More generally, government hampering of the price system in the 1920s and 1930s was not limited to the labor market, although its deleterious effects are perhaps most visible in the labor market. Policy makers and many economists had come to believe that maintaining existing prices or the overall “price level” was necessary for economic growth, and thus, they attempted to prevent prices from falling in many markets.

Actually, Keynes arguably realized what would be the result of his and others effective denial of the implications basic price theory as applied to labor markets. That is why he included language in The General Theory regarding persuading workers to accept “green cheese”. A significant aspect of Keynes’s system was its attempt to lower real wage rates through general price inflation so as to offset the negative effects on employment that government intervention into the labor markets had caused.

Dennis Sperduto July 30, 2006 at 8:45 am

My apologies, but my initial posting contained a few typos and omitted words. Here is a corrected version.
**********************************************
Regarding the unemployment issue, widespread and persistent unemployment did not exist in Western market economies until the governments of these countries began to intervene in the labor markets, which began in earnest in the 1920s and became much more prevalent in the 1930s.

This government intervention into the labor markets severely hampered price flexibility and raised the legal cost of employing labor above what it would have been absent the intervention. If wage rates are not legally permitted to be set at a level low enough to clear the market, unemployment is the inevitable result. Ignoring this basic fact of (microeconomic) price theory is one of the grave errors of the Keynesian system and mainstream macroeconomics in general. For virtually every other market, most economists will admit that there will be unsold goods or services if the price of the good or service is not permitted to drop to the market clearing price. Somehow, though, we are supposed to believe that labor markets are different and this fundamental and correct conclusion of price theory does not apply to labor markets. Hamper the free functioning of the price system in any market, and inevitably you will have shortages or surpluses.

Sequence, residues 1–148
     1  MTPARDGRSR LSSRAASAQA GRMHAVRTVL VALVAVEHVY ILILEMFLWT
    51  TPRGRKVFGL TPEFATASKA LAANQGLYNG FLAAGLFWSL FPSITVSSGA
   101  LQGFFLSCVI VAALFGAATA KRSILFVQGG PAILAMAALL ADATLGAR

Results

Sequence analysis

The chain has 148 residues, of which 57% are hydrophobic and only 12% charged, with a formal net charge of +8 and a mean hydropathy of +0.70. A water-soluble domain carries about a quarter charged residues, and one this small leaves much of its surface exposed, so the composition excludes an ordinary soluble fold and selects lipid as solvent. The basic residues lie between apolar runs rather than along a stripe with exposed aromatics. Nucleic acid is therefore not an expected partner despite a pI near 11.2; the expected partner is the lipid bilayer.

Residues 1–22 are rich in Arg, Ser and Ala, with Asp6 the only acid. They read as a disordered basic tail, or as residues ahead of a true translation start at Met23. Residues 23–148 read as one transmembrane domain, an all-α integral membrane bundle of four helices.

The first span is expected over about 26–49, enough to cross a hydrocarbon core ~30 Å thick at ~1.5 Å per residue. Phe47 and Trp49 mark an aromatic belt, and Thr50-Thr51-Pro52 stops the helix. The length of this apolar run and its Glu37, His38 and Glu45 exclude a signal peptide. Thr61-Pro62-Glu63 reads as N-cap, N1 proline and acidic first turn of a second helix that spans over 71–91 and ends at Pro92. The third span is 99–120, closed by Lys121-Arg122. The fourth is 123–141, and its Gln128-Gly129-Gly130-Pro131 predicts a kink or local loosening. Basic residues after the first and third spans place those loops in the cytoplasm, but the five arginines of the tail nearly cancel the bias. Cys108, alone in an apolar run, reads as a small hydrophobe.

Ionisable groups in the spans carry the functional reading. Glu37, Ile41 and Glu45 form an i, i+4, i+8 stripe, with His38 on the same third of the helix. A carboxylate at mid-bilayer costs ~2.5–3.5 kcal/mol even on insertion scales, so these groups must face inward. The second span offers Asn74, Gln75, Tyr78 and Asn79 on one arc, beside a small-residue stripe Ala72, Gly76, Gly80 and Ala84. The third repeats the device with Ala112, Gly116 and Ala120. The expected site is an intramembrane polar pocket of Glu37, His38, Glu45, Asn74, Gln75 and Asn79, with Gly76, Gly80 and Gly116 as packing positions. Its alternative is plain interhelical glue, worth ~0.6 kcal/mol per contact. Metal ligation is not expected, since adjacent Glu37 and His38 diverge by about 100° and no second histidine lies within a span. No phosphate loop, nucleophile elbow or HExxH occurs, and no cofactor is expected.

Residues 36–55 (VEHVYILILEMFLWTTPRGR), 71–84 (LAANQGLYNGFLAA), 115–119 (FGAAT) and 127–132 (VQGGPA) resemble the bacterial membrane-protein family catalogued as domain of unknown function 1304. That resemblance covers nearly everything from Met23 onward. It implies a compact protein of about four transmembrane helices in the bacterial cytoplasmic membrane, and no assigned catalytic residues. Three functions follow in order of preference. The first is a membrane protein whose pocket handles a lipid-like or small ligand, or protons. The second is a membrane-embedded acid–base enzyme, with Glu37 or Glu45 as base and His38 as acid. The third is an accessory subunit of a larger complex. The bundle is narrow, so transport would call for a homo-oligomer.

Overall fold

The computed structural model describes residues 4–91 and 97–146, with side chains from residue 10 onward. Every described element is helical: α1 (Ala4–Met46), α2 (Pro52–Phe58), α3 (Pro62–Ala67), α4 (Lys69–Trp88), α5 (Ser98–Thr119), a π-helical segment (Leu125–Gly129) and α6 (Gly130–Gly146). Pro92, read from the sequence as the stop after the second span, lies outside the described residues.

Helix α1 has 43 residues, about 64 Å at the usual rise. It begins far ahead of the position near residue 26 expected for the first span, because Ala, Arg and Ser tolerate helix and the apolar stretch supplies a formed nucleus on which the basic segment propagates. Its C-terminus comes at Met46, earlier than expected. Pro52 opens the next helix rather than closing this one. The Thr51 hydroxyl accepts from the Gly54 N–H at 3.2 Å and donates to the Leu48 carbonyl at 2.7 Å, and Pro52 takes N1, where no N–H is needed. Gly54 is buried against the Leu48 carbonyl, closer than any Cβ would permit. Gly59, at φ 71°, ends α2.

More generally, government hampering of the price system in the 1920s and 1930s was not limited to labor markets, although its deleterious effects are perhaps most visible in labor markets. Most policy makers and many economists had come to believe that maintaining existing prices or the overall “price level” was necessary for prosperity and economic growth, and thus, they attempted to prevent prices from falling in many markets.

Actually, Keynes arguably realized what would be the result of his and others effective denial of the implications of basic price theory as applied to labor markets. That is why he included language in The General Theory regarding persuading workers to accept “green cheese”. A significant aspect of Keynes’s system was its attempt to lower real wage rates through general price inflation so as to offset the negative effects on employment that government intervention into the labor markets had caused.

M E Hoffer July 30, 2006 at 5:09 pm

Peter,

Here’s the whole sentence: “The acceptance, widespread, and quickly so, of GT, is to a degree that would make Ivy Lee blush.”

Please offer a rewrite, if you would.
Also, If you see “another example of your(my) weird and often unintelligible English”, please feel free to point them out.

Writing, that does not carry, holds little use, Right?

Thank You, in advance~

Peter July 31, 2006 at 12:32 am

How about “the widespread – and quick – acceptance of (the) GT would make Ivy Lee blush” or “the quick acceptance of (the) GT is widespread to a degree that would make Ivy Lee blush” or something…I’m not entirely sure of the intended meaning, since I can’t parse it – and I don’t know who Ivy Lee is.

M E Hoffer July 31, 2006 at 1:20 am

Peter,

Thanks for the suggestions.

Re: Ivy Lee

try: http://www.nku.edu/~turney/prclass/readings/3eras2x.html

the dude is thought to be, by some, the “Father of PR”, or, today: “The original Spin Doctor.”

any web search, using his name, will divulge more info.

Edward Bernays, a fellow traveler of Lee’s, could have been used as readily.

Though, that which would have made Lee blush, probably would have made Bernays jealous.